I recently drove to the everglades from Charlotte, NC. It was an 11-hour drive, eight of which was just Florida.
As I neared the everglades with a final destination of Everglade City, I drove through the orange groves. They were in bloom. If the trip had nothing else but that experience, it would be enough. Musk and citrus drip into a floral undercurrent the way humidity holds time in summer. It is slow and seductive and slightly coy. Windows down, I took my foot off the gas and allowed the scent to carry me through.
Beyond the orchards was the panther reserve where, for miles, signs instructed drivers to look out for large cat crossings. I saw no panthers, only people fishing in the moats that separated each side of the road from the tall fence of the reserve. Alligators pepper those waters and though I didn’t see any, I kept the video recorder on my phone ready in the event that God decided to thin the gene pool.
I drove through alligator alley and, like the panther park, saw no wildlife to write about.
Everglade city was not what I expected. City is definitely the wrong descriptor word, although, given the environment, it is probably apropos. Pulling into town, there was a gas station that was also a restaurant and gift shop that sold bait & tackle, t-shirts, and ice cream. The draw to return to this place, decked to the nines with fish nets and foam floaters, was akin to the carnival freak show tents that tagged along with the travelling circus when I was young. All I needed was to be a certain number of inches tall and show my ticket. Little brings me greater joy than a well-placed contradiction like cotton-candy ice cream and buckets of worms sold behind the same counter.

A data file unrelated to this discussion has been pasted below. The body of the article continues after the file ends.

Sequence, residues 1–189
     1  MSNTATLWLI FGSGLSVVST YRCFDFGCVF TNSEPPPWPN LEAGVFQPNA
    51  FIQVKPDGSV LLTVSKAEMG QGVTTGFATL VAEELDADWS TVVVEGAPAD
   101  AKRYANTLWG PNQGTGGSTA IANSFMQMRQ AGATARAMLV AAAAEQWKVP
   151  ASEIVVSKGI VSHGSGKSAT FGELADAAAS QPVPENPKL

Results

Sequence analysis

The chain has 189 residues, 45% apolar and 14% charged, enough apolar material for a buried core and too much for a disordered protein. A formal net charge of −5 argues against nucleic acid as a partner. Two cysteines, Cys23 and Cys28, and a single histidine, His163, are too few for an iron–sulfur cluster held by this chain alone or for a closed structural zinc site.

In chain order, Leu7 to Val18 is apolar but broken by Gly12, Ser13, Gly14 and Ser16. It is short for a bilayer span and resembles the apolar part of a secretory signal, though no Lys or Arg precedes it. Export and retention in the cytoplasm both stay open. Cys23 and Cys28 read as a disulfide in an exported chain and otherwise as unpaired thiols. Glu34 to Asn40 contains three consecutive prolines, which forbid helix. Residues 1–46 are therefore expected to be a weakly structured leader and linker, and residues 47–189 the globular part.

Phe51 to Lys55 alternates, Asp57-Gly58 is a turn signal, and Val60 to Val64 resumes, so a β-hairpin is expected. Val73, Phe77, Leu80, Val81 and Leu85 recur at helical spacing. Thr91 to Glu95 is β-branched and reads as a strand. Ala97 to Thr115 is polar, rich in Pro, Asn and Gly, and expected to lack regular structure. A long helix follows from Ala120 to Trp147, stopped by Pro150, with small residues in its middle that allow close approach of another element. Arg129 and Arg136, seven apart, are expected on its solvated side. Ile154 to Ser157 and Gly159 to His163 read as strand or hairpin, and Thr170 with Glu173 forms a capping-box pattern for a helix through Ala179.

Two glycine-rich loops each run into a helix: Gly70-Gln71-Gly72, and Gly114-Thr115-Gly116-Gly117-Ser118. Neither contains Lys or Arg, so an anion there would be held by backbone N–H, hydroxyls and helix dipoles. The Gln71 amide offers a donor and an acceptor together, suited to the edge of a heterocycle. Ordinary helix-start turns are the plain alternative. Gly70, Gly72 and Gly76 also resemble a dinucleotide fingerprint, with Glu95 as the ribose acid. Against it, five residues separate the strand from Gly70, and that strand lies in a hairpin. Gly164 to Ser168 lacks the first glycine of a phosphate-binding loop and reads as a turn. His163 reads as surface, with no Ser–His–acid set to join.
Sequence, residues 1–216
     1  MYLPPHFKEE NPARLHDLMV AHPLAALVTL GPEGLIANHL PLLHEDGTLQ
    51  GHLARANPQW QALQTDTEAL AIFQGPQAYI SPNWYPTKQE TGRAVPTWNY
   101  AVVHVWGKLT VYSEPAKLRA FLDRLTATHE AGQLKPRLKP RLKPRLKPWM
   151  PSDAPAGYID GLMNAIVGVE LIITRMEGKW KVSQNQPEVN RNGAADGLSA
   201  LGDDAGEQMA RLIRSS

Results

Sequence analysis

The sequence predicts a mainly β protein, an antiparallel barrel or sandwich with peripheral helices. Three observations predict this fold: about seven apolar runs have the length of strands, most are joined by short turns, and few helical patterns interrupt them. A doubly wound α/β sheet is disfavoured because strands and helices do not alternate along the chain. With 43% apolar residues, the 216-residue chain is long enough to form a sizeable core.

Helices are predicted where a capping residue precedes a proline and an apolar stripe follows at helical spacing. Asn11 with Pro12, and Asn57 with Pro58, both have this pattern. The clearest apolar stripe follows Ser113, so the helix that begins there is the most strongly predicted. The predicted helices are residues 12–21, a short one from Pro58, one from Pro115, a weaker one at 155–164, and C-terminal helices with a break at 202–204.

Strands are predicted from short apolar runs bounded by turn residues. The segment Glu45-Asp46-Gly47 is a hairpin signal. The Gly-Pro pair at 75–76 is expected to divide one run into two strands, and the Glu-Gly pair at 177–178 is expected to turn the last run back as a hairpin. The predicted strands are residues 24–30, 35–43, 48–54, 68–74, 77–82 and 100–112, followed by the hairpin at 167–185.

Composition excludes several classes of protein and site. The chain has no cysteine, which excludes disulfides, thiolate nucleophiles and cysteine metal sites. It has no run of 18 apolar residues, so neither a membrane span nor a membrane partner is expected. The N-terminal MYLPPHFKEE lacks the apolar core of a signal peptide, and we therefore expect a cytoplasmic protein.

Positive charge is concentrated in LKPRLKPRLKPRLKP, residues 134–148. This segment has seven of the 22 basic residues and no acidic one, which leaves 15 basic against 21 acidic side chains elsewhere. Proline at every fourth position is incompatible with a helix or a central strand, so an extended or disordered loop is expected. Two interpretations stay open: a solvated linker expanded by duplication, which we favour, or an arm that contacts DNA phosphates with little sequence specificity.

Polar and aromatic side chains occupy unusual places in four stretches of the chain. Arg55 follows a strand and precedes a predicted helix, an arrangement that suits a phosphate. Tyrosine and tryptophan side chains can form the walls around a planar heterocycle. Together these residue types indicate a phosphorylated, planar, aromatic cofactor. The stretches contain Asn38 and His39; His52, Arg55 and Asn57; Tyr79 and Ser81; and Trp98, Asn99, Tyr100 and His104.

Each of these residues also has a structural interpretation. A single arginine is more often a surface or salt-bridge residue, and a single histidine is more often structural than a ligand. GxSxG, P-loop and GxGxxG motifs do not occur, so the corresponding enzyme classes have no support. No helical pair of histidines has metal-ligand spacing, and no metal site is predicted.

A block beyond the gas station was the Southern version of the Bate’s Motel. Ravaged by a hurricane, it sat in a purgatory of disrepair, a fate to be determined between either tourists or the weather. Insurance money was most likely spent on a vacation elsewhere.
Each city block housed only one building as though each structure was preparing to expand. It was like Everglade City knew my mom. She always bought us shoes that were two sizes too big because we were intended grow into them. Her economy was our social nightmare. Resourcefully and as an effort to not become fashion fails, we dragged our feet, kicked dirt, and picked at the rubber of our shoes until they reflected a poverty that was unacceptable to my mom. She would buy us new ones. Everglade city was long overdue for a trip to the K-mart with my mom.
The motel was on a round-about. Directly across from it teetered a bank building from the 1880’s that withstood the onslaught of torrential winds and rains but died in any number of financial crises since it’s heyday. It was last known as a bed & breakfast but by the decay of the building, that seemed a polite way of saying crack-house.
The one building with a fresh coat of white paint had four tall columns reaching to the sky-high Greek inspired pediment and looked remarkably like a courthouse. It was and showed the four-hundred residents of the city that law and order was still intact.